Iteration Suites

Effects often iterate over all pixels in an image, filtering each one. By taking advantage of After Effects’ iteration suites, you make it possible for After Effects to sub-allocate your task to as many processors are present, taking advantage of hardware-specific acceleration.

After Effects will also manage progress reporting and user cancellation automatically.

Use these suites! Make sure the pixel processing functions you pass to these iterator callbacks are re-entrant.


PF_Iterate8Suite1, PF_Iterate16Suite1, PF_IterateFloatSuite1

Function Purpose
iterate

Iterates across pixels from a source image, alters them, and populates a destination image.

You may specify a rectangular region of pixels across which to iterate; if you don’t, After Effects will iterate over every overlapping pixel. You give a refcon, and the function is invoked with that refcon, plus the x and y coordinates of the current pixel, plus pointers to that pixel in the source and destination images. If you pass a NULL source, it will iterate over the dst. This function is quality independent.

Don’t depend upon the pixels being traversed in any particular order. The image may be subset to different CPUs, so consider all the parameters (except dst) to be read-only while After Effects is processing. This callback automatically includes progress and abort checking, so don’t do so in your pixel function.

iterate(
  PF_InData       *in_data,
  A_long          progress_base,
  A_long          progress_final,
  PF_EffectWorld  *src,
  const PF_Rect   *area,
  void            *refcon,
  PF_Err (*pix_fn)(
    void      *refcon,
    A_long    x,
    A_long    y,
    PF_Pixel  *in,
    PF_Pixel  *out),
  PF_EffectWorld  *dst);
iterate_origin

Lets you specify an offset from the input into the output. For example, if your output buffer is smaller than your input buffer, pass (in_- data>output_origin_x, in_data>output_origin_y) as the origin, and NULL for area, and this function will offset the src pixel pointer appropriately for your pixel function.

iterate_origin(
  PF_InData       *in_data,
  A_long          progress_base,
  A_long          progress_final,
  PF_EffectWorld  *src,
  const PF_Rect   *area,
  const PF_Point  *origin,
  void            *refcon,
  PF_Err (*pix_fn)(
    void      *refcon,
    A_long    x,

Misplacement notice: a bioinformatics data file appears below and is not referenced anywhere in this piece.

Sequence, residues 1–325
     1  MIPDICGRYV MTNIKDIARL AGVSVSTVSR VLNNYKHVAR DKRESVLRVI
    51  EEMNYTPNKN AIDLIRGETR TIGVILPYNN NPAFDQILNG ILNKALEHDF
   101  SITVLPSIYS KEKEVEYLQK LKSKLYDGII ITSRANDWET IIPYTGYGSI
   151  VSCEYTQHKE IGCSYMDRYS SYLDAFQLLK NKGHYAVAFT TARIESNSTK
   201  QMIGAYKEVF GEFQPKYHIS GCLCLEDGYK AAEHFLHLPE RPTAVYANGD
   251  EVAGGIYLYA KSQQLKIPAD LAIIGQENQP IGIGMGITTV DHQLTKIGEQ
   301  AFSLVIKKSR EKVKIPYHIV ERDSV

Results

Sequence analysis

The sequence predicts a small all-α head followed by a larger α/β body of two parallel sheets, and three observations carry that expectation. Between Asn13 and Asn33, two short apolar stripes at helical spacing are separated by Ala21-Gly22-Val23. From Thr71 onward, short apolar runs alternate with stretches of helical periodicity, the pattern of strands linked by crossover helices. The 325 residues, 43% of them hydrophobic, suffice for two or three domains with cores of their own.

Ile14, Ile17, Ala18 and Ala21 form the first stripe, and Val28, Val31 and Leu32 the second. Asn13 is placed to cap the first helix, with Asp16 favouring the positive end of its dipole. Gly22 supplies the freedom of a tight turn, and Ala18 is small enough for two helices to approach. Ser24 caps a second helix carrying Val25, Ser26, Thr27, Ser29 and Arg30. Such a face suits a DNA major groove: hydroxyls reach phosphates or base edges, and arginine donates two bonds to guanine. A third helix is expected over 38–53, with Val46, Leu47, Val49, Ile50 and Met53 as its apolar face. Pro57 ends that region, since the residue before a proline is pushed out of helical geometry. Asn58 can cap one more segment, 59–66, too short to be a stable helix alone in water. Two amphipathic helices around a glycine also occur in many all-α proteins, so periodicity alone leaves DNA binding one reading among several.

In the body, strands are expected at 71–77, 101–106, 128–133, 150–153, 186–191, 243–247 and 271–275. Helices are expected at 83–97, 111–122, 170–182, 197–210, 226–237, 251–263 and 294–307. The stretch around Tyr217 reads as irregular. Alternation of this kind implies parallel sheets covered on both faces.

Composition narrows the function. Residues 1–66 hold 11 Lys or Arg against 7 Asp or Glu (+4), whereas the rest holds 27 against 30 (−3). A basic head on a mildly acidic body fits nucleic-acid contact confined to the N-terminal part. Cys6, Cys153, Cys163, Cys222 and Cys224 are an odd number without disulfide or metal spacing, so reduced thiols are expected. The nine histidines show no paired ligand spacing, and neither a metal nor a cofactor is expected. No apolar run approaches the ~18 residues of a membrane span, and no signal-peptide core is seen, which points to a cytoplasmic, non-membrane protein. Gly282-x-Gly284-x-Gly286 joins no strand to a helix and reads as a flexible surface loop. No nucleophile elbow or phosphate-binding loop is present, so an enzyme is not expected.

A_long    y,
    PF_Pixel  *in,
    PF_Pixel  *out),
  PF_EffectWorld  *dst);
iterate_lut

PF_Iterate8Suite only. Allows a Look-Up Table (LUT) to be passed for iteration; you can pass the same or different LUTs for each color channel. If no LUT is passed, an identity LUT is used.

iterate_lut(
  PF_InData       *in_data,
  A_long          prog_base,
  A_long          prog_final,
  PF_EffectWorld  *src,
  const PF_Rect   *area,
  A_u_char        *a_lut0,
  A_u_char        *r_lut0,
  A_u_char        *g_lut0,
  A_u_char        *b_lut0,
  PF_EffectWorld  *dst);
iterate_origin_non_clip_src

Allows for iteration across pixels outside the intersection of the source and destination layers. For these pixels, you will be passed a

PF_Pixel with values {0,0,0,0}.

iterate_origin_non_clip_src(
  PF_InData       *in_data,
  A_long          progress_base,
  A_long          progress_final,
  PF_EffectWorld  *src,
  const PF_Rect   *area,
  const PF_Point  *origin,
  void            *refcon,
  PF_Err (*pix_fn)(
    void      *refcon,
    A_long    x,
    A_long    y,
    PF_Pixel  *in,
    PF_Pixel  *out),
  PF_EffectWorld  *dst);
iterate_generic

PF_Iterate8Suite only. If you want to do something once per available CPU, this is the function to use (pass PF_Iterations_ONCE_PER_PROCESSOR for iterationsL). Only call abort and progress functions from thread index 0.

Note: You can iterate over more than pixels. Internally, we use it for row-based image processing, and for once-per-entity updates of complex sequence data.

iterate_generic(
  A_long iterationsL,
  void   *refconPV,
  PF_Err (*fn_func)(
    void    *refconPV,
    A_long  thread_idxL,
    A_long  i,
    A_long  itrtL));